Toledo’s Ohio Youth of the Year heading to UTWritten by David Steffen | | email@example.com
Jermey Hampton lived with extended family members across town and in two shelters while growing up after his parents separated.
But despite his changes of address, 2250 N. Detroit Ave. — the Boys & Girls Clubs (BGC) Homer Hanham Unit — was one address he could count on.
“Boys and Girls Clubs was my home because the one building I still had my foot in was Boys and Girls Clubs,” Hampton, 17, said.
His BGC lanyard and graduation key necklace have become a part of his outfit.
“He probably wears [the lanyard] everywhere,” said Director of Program Operations Shawna Woody.
BGC locations “offer building-centered programs targeted at disadvantaged youth,” according to its Toledo Web site. It offers a variety of extracurricular and leadership activities for children ages 7 to 17.
Hampton graduated from Libbey High School this year, sixth in his class. He’s the first high school graduate in his family, he said.
He earned a full ride to UT. UT’s Blue and Gold Scholarship will cover tuition, and the BGC Toledo Carson Scholarship will cover room and board, said BGC Toledo Executive Director Dave Wehrmeister said.
Hampton’s dedication to others also impresses BGC staff. When Hampton enrolls at UT this fall, he plans to work at BGC. Woody said he dedicates himself to the other youth. Rather than give orders, he mediates and educates, she said.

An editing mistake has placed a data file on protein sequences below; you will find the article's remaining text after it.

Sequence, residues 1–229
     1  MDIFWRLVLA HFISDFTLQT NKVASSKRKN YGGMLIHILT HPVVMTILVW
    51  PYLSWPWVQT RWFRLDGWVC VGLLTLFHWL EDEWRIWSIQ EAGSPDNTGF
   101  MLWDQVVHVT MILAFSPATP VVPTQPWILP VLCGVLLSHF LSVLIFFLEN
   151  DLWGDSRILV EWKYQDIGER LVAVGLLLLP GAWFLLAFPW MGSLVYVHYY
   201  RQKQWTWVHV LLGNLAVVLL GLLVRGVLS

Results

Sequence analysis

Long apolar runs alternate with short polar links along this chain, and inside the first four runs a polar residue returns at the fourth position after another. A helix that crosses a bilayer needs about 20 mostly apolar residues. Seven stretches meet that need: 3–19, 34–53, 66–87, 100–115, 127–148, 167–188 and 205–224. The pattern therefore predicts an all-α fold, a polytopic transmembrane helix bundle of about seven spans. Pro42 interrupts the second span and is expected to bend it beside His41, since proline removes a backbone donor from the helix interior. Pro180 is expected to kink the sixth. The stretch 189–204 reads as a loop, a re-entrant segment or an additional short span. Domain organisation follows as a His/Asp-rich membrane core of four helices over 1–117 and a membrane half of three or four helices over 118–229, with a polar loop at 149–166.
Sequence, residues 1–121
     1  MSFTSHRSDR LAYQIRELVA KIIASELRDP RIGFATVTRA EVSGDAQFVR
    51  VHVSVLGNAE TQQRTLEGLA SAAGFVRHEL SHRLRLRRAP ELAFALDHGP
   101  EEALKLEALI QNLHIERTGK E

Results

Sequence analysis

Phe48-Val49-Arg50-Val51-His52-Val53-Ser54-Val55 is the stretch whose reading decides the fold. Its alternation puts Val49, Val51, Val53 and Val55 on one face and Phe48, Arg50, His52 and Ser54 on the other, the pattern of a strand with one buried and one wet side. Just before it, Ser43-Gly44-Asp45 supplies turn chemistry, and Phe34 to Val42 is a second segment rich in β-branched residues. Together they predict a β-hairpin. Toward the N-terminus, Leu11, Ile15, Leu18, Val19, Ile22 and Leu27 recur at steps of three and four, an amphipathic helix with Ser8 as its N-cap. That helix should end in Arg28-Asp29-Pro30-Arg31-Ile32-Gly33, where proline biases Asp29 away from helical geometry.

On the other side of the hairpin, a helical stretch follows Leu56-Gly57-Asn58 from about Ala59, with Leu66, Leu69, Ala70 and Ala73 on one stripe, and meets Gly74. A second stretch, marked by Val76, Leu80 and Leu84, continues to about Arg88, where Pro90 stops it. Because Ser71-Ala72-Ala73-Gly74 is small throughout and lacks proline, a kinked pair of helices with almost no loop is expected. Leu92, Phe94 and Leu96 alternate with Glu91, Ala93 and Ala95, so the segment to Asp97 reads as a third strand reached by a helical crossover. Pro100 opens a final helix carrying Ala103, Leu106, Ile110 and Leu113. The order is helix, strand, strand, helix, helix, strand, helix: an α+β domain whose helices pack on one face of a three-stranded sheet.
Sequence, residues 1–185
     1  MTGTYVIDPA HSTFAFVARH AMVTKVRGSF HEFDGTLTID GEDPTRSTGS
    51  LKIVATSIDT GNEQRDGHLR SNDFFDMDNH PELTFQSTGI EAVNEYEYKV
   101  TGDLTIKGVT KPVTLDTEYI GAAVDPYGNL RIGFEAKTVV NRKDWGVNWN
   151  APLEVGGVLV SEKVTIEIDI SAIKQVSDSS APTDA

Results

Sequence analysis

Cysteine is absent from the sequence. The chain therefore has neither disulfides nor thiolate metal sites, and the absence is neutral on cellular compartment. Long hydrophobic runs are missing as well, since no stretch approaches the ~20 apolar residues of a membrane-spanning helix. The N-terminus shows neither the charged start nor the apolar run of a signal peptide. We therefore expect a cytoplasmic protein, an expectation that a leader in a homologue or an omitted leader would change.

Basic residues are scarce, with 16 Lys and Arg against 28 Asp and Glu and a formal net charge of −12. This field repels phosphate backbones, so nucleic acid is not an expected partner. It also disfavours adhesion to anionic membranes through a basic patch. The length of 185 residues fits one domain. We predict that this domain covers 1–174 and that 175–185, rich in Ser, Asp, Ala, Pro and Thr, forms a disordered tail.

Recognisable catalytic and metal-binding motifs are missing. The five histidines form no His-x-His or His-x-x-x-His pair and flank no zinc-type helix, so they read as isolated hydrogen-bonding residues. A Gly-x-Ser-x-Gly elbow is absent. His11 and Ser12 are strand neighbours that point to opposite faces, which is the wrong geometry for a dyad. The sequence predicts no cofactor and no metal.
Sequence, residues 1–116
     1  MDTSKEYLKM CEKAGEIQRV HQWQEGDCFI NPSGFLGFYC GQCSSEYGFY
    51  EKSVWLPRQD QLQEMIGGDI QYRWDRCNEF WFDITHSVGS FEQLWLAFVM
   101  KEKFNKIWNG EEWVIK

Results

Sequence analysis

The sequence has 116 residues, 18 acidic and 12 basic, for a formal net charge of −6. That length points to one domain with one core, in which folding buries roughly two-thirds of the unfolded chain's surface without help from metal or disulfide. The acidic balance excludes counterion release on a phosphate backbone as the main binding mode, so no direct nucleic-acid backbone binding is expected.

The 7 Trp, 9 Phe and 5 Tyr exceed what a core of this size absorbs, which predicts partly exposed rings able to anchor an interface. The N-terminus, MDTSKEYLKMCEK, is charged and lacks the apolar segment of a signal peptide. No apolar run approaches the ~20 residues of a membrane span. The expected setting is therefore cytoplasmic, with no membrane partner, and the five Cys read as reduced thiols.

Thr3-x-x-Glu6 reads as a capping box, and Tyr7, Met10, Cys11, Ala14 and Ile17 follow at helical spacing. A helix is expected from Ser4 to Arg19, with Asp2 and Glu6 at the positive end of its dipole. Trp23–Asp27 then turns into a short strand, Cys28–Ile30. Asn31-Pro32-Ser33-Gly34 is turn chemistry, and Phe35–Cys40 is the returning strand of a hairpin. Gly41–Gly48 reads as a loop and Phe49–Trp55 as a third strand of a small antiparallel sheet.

“He’ll talk to them and explain what it is they shouldn’t do, whatever behavior is unfavorable,” she said.
“We’re extremely proud of him,” Wehrmeister said. “He’s a great role model for all kids, and we’re happy to have him.”
Hampton’s leadership and academic performance impressed judges at state and regional BGC levels. He earned the title of Ohio Youth of the Year at state finals April 24 in Perrysburg. He continued to regionals on July 8 in Chicago and was a runner-up.
In addition to a written interview, Hampton presented a three-minute speech about what BGC meant to him.
He stood up donning his red BGC lanyard and recited the speech from memory. It came off smoothly, even weeks after his last presentation.
“The Boys and Girls Clubs have been and will always be my home, period,” Hampton said.
Hampton said his father’s influence kept his academic determination strong.
“My father was always like, ‘Go to school,’” Hampton said. “He never said, ‘Go to college.’ He said, ‘Graduate, graduate, graduate.’ That’s an influential part of what kept me going.”
Woody said she’s excited for his accomplishments, drive and dedication to others. She was an important mentor in Hampton’s life, he said.
“I am so proud of him,” Woody said. “I went to his graduation. Every time I see Jermey at different milestones, I could cry.”
For those youth who find themselves in challenging situations, Hampton said to consider his journey.
“I’d tell them, ‘Don’t give up,’” Hampton said. “It’s going to work out. Look at me — I’ve been through it.”